* Donation Interface[1]: This is the mediawiki extension that initiates
   payments. A new gateway adapter child class will need to be created,
  which
   will run in parallel to the existing enabled gateway adapters, and not
   short-circuit any of the class constraints that have been deliberately
   built in to the gateway adapter parent class. Then, an appropriate form
  (or
   redirect) should be created to handle the user experience, which uses
 the
   RapidHTML templating 

Re: [Wikimedia-l] Let's accept Bitcoin as a donation method

2014-03-10 Thread Federico Leva (Nemo)

Charles Gregory, 10/03/2014 14:26:

On it he states I'm planning to re-open the conversation with the
Wikimedia Foundation Board of Directors at our next meeting (and before, by
email) about whether Wikimedia should accept bitcoin.  More info at the
thread itself.


What's the board of directors?

Nemo

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Re: [Wikimedia-l] Let's accept Bitcoin as a donation method

2014-03-10 Thread Nathan
On Mon, Mar 10, 2014 at 11:02 AM, Oliver Keyes oke...@wikimedia.org wrote:

 sarcasm

 Wow, we've made an entire 1.6k out of bitcoin? This totally seems like the
 highest-value way to spend our time! Thanks, Bitcoin! I'm sure that the
 value of these items won't wildly vary in short spaces of time based on
 things like, oh, your propensity to have banking neophytes host your
 exchanges and end up shut down.

 /sarcasm


Sounds like an interesting headache for Jimmy's tax accountant! Income tax
implications of getting donations in bitcoins, cashing them out and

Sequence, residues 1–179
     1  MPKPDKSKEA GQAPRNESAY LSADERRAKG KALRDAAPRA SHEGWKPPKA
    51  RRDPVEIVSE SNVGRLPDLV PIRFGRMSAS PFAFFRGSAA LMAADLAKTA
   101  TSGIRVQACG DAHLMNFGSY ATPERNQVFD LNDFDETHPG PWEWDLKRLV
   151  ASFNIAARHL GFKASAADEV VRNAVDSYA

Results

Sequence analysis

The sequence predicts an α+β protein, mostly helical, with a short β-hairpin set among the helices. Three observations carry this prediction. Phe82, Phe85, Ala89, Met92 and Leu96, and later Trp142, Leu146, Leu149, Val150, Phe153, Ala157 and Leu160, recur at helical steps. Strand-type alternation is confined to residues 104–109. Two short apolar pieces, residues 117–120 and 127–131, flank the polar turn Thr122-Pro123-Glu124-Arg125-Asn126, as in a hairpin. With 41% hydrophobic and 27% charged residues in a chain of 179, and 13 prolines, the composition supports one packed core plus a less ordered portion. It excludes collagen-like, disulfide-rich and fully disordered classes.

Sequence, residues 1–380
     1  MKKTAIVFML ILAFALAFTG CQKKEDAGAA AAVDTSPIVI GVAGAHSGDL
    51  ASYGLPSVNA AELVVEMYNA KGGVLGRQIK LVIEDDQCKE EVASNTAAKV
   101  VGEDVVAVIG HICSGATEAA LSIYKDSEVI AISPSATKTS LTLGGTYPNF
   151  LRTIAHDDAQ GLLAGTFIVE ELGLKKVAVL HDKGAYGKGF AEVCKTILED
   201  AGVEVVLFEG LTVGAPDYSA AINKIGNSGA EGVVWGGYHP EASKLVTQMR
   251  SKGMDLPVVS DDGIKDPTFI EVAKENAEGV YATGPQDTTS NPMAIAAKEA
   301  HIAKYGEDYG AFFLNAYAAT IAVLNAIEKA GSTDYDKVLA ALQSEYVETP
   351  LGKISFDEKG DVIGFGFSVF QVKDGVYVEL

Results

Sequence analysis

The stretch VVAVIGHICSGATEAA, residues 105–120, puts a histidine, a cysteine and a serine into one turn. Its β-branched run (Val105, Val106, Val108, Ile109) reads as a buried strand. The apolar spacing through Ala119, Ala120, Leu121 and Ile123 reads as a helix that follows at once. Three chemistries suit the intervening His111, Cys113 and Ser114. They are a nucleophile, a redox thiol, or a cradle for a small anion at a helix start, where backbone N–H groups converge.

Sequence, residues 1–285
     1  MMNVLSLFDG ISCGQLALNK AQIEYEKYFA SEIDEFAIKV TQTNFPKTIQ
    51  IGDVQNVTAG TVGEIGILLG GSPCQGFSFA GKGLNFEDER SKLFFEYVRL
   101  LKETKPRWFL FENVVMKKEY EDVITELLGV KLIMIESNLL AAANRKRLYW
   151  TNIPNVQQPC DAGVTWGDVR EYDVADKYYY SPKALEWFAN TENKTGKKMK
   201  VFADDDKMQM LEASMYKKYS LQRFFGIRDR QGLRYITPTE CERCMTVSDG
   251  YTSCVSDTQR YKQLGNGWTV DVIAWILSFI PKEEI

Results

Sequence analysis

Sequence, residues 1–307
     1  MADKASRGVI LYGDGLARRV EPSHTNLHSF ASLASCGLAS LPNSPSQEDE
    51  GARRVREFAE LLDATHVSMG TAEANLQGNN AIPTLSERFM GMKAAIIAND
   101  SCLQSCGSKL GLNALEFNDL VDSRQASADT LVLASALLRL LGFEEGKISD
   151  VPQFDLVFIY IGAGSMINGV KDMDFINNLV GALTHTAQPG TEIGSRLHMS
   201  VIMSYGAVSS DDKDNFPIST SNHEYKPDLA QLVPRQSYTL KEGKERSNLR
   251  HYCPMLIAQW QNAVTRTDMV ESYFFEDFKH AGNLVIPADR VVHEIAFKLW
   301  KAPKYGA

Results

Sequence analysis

donating them to a tax exempt organization... might be complicated.

It's hard to credit that people are still pushing for the WMF to accept
Bitcoin payments after the worlds major venue for trading them, the Magic:
The Gathering Online Exchange, crashed and disappeared $500m. Obviously
not a safe and secure payment modality right now, where is the rush to jump
into something so risky?
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Re: [Wikimedia-l] Let's accept Bitcoin as a donation method

2014-01-08 Thread Erik Moeller
On Thu, Dec 12, 2013 at 2:54 PM, Steven Walling
steven.wall...@gmail.com wrote:

 In general, I would personally like it if the WMF avoided accepting
 bitcoin. Today, bitcoin isn't really a functioning currency of exchange --
 it's actually used more as an investment tool to create wealth that
 naturally appreciates in value, like playing the stock market or buying
 gold. Avoiding lots of risky investments is something our very competent
 financial managers already steer clear of, and I see no reason to start
 taking on more risk now.

While this is true, a more pragmatic view is that, as long as BTC has